42.0 USD per Bottle
  8. Red Spot 15 Year Single Pot Still

    Single Pot Still — Ireland

    Tasted March 24, 2021
    4.5
    4.5 out of 5 stars
    N: Plum, pear, raisin, gumdrops, cherry candy, cherry cough syrup, overripe banana, toasted coconut, almond extract, sugar cookies. Little bit of petrichor in it - thought I caught it in the Yellow Spot last night, but wasn't sure. I'm certain it's in the Red. Tiny and fleeting hits of mint and ethanol. Nosing across the edges of the glass (Glencairn) reveals a really nice sour stone fruit. P: Hot, sweet, oily, and heavy, and yet nothing out of place. Sweet and sour red fruit, little bit of anise and/or black licorice, cinnamon candy, banana playing at the edges of your tongue, little bit of a bitter white tea, cracked pepper, something vegetal - not quite bell pepper, but getting there. Sweet bread drizzled with caramel and vanilla sauce. Thin layer of chocolate which sometimes hits as powdered, sometimes as milk, sometimes dark. Finish is long and layered - hot cinnamon, banana, peach, pear, little bit of lingering dark chocolate, espresso... There's significant bitterness in the finish - in the chocolate and the espresso especially. Pot still spice is there, but generally sits in the background - very unlike the Yellow, Green, or really most Irish single pot still whiskies. And there's still red fruit hanging through to the end - bits of cherry, strawberry, grape, plum, raisin - some of it fresh, some of it dried. Seriously though, this dram just keeps coming. Every pour, sometimes every sip, there's something new here. This is an incredible whiskey. That said, it's not super easy to drink: the bitterness is going to turn some people off. There is an ethanol presence that doesn't bother me at all, but some may dislike it at the price point. The herbal and vegetal notes will turn some people off. For me, I think all of that is crazy interesting and super enjoyable, both to drink and to think about how it happened. But I still don't think I'd want this every day. Green Spot holds that place for me - could drink that every day. That said, this is noticeably better and more complicated. I think it justifies its price increase. Don't pay an upcharge or a secondary market price, but normal retail (about $120) is fair for this.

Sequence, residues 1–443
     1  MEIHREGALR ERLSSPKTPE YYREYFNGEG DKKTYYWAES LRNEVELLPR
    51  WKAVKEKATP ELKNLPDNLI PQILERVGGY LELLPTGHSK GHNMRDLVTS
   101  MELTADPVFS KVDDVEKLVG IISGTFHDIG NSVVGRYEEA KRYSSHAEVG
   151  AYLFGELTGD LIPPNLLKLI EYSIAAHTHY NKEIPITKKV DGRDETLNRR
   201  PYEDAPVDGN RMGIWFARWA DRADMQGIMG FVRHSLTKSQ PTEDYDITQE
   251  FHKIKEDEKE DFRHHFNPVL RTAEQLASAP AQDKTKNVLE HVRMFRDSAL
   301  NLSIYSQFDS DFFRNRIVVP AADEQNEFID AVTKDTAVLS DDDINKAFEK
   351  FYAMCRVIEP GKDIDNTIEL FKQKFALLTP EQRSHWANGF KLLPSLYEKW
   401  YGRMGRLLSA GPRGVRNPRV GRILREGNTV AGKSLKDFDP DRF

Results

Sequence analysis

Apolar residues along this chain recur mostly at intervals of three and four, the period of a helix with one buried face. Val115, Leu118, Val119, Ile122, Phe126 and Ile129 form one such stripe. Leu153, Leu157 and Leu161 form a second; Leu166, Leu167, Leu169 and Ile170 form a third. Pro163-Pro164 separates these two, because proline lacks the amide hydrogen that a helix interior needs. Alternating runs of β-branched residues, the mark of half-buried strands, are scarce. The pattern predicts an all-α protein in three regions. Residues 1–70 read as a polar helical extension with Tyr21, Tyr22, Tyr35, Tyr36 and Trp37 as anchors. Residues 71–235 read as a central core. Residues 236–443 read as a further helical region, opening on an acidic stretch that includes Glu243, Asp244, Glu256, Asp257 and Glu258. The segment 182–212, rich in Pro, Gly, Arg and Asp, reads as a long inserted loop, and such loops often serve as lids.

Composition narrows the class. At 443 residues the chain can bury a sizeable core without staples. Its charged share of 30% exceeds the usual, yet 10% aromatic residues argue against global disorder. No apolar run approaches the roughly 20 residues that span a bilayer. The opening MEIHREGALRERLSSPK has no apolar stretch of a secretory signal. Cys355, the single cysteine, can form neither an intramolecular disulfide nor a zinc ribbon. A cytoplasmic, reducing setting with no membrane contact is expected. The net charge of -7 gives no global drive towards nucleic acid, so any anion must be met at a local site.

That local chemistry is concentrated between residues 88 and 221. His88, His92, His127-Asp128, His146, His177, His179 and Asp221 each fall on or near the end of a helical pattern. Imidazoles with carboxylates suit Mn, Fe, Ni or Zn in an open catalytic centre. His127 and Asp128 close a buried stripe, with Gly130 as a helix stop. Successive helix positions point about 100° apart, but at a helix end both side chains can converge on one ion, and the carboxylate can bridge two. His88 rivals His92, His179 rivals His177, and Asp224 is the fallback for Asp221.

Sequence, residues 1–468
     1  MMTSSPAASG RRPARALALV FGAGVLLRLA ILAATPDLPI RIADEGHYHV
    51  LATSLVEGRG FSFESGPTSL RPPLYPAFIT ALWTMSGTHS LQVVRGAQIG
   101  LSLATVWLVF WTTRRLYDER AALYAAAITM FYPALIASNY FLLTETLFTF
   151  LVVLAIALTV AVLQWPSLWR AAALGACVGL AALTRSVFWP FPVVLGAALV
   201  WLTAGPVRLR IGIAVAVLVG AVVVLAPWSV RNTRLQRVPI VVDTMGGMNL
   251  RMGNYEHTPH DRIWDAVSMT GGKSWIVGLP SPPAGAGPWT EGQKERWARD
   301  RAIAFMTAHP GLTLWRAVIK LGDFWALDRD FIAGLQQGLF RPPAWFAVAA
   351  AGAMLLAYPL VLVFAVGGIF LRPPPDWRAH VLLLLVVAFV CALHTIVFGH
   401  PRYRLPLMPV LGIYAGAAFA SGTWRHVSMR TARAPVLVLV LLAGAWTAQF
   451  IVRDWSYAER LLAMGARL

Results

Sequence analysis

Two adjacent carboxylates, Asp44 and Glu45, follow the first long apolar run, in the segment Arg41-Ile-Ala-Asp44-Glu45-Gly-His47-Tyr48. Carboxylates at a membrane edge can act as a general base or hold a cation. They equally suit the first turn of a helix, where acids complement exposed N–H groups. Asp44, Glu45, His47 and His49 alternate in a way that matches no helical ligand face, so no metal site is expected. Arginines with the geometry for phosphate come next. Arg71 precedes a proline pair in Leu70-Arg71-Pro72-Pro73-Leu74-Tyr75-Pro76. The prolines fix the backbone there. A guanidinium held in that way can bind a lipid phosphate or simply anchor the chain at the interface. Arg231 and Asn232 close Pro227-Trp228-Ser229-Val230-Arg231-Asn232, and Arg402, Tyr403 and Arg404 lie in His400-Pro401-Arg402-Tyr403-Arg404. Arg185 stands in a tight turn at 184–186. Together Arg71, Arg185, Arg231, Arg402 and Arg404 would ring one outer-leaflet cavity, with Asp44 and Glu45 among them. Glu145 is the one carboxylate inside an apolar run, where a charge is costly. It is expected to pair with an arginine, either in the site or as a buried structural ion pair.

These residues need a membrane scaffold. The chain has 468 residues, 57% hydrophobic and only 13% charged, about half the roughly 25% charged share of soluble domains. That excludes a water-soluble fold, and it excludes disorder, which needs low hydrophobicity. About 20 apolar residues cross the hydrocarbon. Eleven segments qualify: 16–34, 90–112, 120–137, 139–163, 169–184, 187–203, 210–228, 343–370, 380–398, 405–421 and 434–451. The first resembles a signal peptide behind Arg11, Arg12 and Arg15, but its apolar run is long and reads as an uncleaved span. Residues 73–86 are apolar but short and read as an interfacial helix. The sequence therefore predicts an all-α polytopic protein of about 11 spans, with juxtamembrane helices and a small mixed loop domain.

125.0 USD per Bottle
  9. Yellow Spot 12 Year Single Pot Still

    Single Pot Still — Ireland

    Tasted March 23, 2021
    4.25
    4.25 out of 5 stars